“I feel like there’s always another record, then there’s always another person to catch up with or to pass.I never really thought I would be in this position where I would even be talking about, you know, records, talking about passing Steffi Graf or even mentioning Margaret Court.

“I mean, I just grew up trying to be the best that I could and do the best that I could. I worked really hard for everything. So to even be mentioned in that conversation is great.

“But like I said, I feel like I don’t put that pressure on myself to do anything here ’cause I’m obviously going to be excited to compete next year and just keep going and have fun.”

Asked about if she thought about her place among the tennis greats, Serena said: “I can’t sit here and say [I’m the greatest]. But I can sit here and say that I’m the greatest player that I’ve been able to be.

“I do read numbers and I do see numbers. I believe in those numbers. I think, you know, different generations and different times have different champions, have different greats, have different levels of players. It’s really difficult to compare, you know, one generation to another, generations several ago. Things change: power, technique, technology. A lot of things have contributed to that.”

“I think being experienced has really helped me a lot, helped me get through a lot of matches. It’s helped me overcome a lot of things. Yeah, it’s been great. I’ve really enjoyed it. I know some matches I got through just on my experience alone, so that’s been really able to help me out.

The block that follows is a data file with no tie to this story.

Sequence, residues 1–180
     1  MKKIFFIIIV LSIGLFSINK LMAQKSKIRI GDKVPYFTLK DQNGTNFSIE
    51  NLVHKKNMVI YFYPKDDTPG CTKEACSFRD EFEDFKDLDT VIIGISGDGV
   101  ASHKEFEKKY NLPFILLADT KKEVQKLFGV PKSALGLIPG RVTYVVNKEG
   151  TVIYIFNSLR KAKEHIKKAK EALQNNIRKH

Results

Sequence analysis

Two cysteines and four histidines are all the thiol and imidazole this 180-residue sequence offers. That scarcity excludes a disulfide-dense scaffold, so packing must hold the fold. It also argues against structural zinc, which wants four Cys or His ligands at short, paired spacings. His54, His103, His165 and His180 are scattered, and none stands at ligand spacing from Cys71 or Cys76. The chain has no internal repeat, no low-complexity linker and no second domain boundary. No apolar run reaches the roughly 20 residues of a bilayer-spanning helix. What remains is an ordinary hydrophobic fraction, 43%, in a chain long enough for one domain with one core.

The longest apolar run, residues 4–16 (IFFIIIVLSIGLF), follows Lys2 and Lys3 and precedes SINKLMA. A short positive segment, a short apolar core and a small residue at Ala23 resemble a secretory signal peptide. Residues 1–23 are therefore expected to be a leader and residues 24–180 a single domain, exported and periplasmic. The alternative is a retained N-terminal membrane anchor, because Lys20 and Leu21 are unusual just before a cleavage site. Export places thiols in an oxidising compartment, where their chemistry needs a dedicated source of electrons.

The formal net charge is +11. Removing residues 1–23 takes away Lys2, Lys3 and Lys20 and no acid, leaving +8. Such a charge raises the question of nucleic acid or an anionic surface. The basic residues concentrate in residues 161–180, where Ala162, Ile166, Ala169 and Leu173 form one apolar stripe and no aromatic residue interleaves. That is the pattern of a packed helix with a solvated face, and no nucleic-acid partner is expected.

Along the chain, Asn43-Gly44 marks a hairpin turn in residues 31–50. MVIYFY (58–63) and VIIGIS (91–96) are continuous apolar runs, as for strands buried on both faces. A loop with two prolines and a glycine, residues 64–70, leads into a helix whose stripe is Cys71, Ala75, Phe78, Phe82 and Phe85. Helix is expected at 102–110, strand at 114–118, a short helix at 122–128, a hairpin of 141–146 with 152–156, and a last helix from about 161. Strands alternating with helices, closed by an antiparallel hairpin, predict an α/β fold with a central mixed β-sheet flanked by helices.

Potential women’s quarterfinals:

(1)Serena Williams vs. (8)Karolina Pliskova

(3)Maria Sharapova vs. (7)Ana Ivanovic

(5)Petra Kvitova vs. (4)Caroline Wozniacki

(2)Simona Halep vs. (6)Lucie Safarova

Women’s draw


On the men’s side of the draw, top seed Novak Djokovic could face eighth seed Rafael Nadal in a quarterfinal clash in Flushing Meadows. Second seed Roger Federer and third seed Andy Murray are on the other side of the draw. Murray has a potentially extremely competitive opening match against Nick Kyrgios. Nadal also will have all he can handle against Borna Coric in the first round.

Potential men’s quarterfinals:


(1)Novak Djokovic vs. (8)Rafael Nadal

(4)Kei Nishikori vs. (7)David Ferrer

(5)Stan Wawrinka vs. (3)Andy Murray

(2)Roger Federer vs. (6) Tomas Berdych

Men’s draw




Roger Federer and Serena Williams Defend Cincy Tennis Titles


(August 23, 2015) Serena Williams and Roger Federer became the first women’s and men’s champions to defend their Cincinnati titles since the lat 1930s on Sunday. Williams defeated new No. 2 player Simona Halep 6-3, 7-6(5) for her second Western and Southern Open crowns while Federer stopped top ranked Novak Djokovic 7-6(1), 6-3 for his seventh.

Federer prevented Djokovic from claiming the only Masters 1000 title he has never won.

“The fifth time I’ve been in the title (match) and never won this title, so I guess I have to wait for Roger to retire,” Djokovic said. “I’ve been coming back each year wanting it more.”

“I really hope you can win here someday,” Federer told Djokovic during the trophy ceremony. “He deserves it. C’mon, so close.”

The win puts the 34-year-old Swiss back up to No. 2 in the world and gives him his 24 Masters title and 87th career tournament title. He is 7-0 in Cincinnati finals.

“I think I moved well,” Federer said. “I was explosive moving forward. Volleys were good. I think from the baseline was hitting my forehand very well. I was serving very well this week, don’t get me wrong, but I still think there was a little bit more room for improvement on the serve. I wasn’t always hitting all spots as perfect as I was hoping it to be. In practice I didn’t feel this good, to be quite honest.